February 23, 2015
Our upcoming issue will take on the topic of Moms. Send us a short pitch by March 6, 2015.
Every single person on earth spent some time growing within the body of another human being. And that person, that body, is full of meanings. Primordial, abject, loving, vengeful, gendered, nurturing, oedipal, absent, unattainable, unbearable: this is a world full of mommy issues.
For many of us, thinking critically about the lives and decisions of our own mothers and grandmothers is an early introduction to feminist modes of thinking: Why are their lives the way they are? When did they become who they are now? What did they accomplish, sacrifice, and lose? And as we hit a reproductive age, the possibility of parenting can raise many questions about gender roles, reproductive options, family dynamics, and personal ambition.
Motherhood was once seen as part and parcel of feminist visions of change; in Canada in particular, suffragist politics emphasized the distinct ability of mothers to care for and shape society. While the role of mothers is still relevant to feminist discourse today, second- and third-wave activism decentered motherhood’s defining place in the movement. By fighting for women’s right to work outside the home and access birth control, the feminist movement secured women more autonomy in their reproductive and working lives.
These days, questions of motherhood, parenting, reproduction, and work are often framed in terms of personal lifestyle preferences. But the possibility of “having it all” also brings certain judgments: no matter what path they take, mothers (and non-mothers) can be accused of insufficiency, self-involvement, betrayal of feminist values, bad parenting, and so on, ad infinitum. As in so many other areas, the language of choice can work to obscure economic, political, and social factors that impact our lives and well-being.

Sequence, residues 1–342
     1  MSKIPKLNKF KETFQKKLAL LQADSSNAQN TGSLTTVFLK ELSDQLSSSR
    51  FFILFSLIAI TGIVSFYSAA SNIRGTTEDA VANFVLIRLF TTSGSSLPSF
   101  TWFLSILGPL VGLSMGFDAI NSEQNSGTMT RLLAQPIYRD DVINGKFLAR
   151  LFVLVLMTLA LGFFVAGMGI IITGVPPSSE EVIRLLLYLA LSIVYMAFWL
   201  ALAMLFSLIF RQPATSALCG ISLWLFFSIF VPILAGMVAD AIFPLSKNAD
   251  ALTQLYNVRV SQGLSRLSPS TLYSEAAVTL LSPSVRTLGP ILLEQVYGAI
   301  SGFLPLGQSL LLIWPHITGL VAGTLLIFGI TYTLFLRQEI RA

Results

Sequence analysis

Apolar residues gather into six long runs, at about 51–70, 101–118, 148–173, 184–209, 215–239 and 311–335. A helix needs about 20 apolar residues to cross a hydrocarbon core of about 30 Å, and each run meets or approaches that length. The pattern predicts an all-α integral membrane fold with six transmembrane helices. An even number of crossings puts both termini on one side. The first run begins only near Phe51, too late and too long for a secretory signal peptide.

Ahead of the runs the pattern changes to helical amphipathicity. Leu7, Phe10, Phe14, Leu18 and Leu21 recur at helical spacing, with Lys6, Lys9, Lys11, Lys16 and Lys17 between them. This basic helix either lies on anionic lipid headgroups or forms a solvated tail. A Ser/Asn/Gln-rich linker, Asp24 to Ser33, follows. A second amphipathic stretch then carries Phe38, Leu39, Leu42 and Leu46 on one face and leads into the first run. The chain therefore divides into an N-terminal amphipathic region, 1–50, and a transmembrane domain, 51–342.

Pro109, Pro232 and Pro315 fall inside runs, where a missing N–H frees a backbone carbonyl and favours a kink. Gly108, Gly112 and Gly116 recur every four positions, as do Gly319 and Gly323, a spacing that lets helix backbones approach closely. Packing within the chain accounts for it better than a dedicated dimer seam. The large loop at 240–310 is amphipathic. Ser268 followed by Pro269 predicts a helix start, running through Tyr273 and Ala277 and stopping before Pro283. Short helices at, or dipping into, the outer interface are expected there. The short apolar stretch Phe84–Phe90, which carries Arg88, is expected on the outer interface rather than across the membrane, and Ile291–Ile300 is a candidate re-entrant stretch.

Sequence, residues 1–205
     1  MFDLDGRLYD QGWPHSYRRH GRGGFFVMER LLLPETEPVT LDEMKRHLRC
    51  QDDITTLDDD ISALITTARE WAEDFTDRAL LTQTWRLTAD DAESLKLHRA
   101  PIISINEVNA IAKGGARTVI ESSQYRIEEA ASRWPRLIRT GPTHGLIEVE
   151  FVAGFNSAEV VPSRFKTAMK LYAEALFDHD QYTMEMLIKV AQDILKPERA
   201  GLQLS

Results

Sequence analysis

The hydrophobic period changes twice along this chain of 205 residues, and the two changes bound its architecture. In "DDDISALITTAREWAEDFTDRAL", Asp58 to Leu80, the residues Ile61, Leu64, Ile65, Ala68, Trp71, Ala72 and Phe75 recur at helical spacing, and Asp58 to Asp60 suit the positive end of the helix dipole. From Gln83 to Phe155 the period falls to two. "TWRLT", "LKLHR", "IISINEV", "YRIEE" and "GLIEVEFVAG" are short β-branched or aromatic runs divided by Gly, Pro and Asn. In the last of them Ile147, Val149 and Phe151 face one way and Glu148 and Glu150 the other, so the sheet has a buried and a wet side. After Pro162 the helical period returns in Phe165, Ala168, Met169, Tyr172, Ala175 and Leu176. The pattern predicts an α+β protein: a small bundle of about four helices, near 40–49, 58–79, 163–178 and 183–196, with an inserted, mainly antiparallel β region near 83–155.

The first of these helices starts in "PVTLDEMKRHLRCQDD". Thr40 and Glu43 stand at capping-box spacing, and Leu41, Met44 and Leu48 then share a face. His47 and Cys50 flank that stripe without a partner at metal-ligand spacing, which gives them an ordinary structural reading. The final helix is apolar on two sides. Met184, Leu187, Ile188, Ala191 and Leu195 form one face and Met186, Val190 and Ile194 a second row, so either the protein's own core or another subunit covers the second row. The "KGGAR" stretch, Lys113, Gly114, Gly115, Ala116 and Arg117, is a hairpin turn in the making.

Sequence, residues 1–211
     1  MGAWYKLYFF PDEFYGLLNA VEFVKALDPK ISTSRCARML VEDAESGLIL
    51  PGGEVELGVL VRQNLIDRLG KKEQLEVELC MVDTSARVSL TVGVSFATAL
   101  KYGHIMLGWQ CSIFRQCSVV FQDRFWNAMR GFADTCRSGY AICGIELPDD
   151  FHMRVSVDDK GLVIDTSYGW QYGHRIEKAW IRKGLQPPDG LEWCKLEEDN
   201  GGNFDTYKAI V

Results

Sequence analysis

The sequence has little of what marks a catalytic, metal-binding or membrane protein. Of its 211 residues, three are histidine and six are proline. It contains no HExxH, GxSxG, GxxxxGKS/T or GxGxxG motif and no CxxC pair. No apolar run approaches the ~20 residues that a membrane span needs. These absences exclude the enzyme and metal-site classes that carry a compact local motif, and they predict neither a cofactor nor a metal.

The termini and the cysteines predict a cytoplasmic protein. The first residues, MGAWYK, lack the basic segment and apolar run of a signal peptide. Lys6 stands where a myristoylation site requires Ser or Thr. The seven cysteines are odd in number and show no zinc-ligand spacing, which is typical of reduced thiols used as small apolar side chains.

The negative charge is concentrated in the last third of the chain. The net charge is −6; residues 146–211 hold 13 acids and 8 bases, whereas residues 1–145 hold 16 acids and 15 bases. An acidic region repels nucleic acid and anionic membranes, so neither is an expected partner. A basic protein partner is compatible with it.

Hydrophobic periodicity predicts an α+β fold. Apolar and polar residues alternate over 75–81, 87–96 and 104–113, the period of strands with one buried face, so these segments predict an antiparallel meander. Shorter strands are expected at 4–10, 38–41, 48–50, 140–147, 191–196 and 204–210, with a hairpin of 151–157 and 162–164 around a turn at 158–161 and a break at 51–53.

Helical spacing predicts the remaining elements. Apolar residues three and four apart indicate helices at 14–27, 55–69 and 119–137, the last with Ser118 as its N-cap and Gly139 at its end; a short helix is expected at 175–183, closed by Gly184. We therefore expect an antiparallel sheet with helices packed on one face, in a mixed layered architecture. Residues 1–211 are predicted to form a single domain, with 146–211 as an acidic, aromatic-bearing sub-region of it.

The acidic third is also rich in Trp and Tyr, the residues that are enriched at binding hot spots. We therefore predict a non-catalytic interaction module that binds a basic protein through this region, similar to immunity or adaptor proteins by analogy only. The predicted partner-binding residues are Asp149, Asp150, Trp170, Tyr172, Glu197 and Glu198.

At the same time, motherhood is a political and social identity that is at once revered and demeaned. While the image of the mother, that tender pillar of strength and reproductivity, is used time and again as a central propagandistic symbol, the political demands of actual mothers are given short shrift.
In this issue, we’re looking for personal stories: about being or not being a mother, about having or not having a mother, about what motherhood means to you. We want to talk about moms—be they biological, chosen, or otherwise. We’re also looking for works that critically interrogate the idea of “motherhood” and the systemic forces that define it.
Possible topics might include:
- Talk about your mother, grandmother, or maternal figure—their lives, your relationship, their role in your family
- Queer, non-heteronormative, trans*, conceptions and experiences of motherhood and/or parenting
- Intersecting influences of race, class, and environment upon parenting (reproductive justice, population control, etc.)
- Reproductive health (pre/post-natal health, postpartum health, birth control, fertility/sterility, etc.)
- Colonialism and motherhood
- The childcare crisis in Canada
- Domestic work, nannies, and paid caregivers
- The meanings of motherhood (political, propaganda, religious, occult, historical, environmental, etc.)
- Feminist foremothers
- Feminist childrearing
- The myth/truths of “becoming your mother”
- Becoming/being pregnant
- “Bad” moms
- Mom’s bodies
- To parent or not to parent?
- Surrogacy, technology, and assisted reproduction
- Workplace and legal policies regulating parenting
- “Women’s work” and the wage gap
GUTS accepts literary essays and reviews, long form journalism, interviews, letters, and fiction. GUTS also encourages the submission of images, videos and new media relevant to our theme. Please look over our past issues to get a sense of the kind of work we’re looking for.
Submit a short pitch (max 300 words) describing your proposed project no later than March 6, 2015 to firstname.lastname@example.org. We are happy to consider quickly written and casual proposals, but please include a link to or copy of a writing sample that you feel adequately represents your work.
Final submissions (500-4,000 words) will be due on April 10, 2015
Compensation will be provided for contributors selected for the issue.
For further information about the submission guidelines, please email us at email@example.com